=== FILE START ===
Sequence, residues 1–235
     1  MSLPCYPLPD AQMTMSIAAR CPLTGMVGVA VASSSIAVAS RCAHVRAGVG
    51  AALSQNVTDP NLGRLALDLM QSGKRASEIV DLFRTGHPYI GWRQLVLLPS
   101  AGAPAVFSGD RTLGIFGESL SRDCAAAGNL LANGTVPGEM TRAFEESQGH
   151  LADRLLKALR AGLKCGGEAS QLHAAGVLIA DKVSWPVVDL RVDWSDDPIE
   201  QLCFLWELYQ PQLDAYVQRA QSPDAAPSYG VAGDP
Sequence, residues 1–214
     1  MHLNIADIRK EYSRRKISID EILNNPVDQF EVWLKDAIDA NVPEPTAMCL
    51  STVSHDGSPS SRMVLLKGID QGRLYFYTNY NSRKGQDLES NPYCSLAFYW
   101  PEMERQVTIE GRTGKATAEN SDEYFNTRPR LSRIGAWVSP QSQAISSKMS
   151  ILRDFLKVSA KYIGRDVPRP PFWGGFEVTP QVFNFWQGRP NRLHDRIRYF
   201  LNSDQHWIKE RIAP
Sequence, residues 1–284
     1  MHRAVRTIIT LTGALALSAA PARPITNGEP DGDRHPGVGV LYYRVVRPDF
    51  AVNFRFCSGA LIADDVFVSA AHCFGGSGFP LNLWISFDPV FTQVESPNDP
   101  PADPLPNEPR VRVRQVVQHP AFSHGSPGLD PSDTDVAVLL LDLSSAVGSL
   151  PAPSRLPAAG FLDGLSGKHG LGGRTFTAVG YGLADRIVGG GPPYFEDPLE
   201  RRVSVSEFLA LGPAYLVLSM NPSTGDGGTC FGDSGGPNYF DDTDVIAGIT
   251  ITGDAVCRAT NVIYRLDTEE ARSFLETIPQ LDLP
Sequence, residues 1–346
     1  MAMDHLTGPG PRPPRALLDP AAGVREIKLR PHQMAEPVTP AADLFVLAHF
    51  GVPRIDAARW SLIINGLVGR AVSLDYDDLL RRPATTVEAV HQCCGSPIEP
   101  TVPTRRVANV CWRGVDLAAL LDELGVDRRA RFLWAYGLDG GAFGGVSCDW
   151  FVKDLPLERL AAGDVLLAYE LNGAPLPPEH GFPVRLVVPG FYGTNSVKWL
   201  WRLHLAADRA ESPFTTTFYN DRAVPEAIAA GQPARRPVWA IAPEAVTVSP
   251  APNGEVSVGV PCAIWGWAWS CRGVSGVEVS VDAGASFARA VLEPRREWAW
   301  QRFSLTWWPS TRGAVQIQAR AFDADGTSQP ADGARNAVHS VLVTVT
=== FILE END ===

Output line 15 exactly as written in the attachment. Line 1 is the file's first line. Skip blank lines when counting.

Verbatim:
    51  AVNFRFCSGA LIADDVFVSA AHCFGGSGFP LNLWISFDPV FTQVESPNDP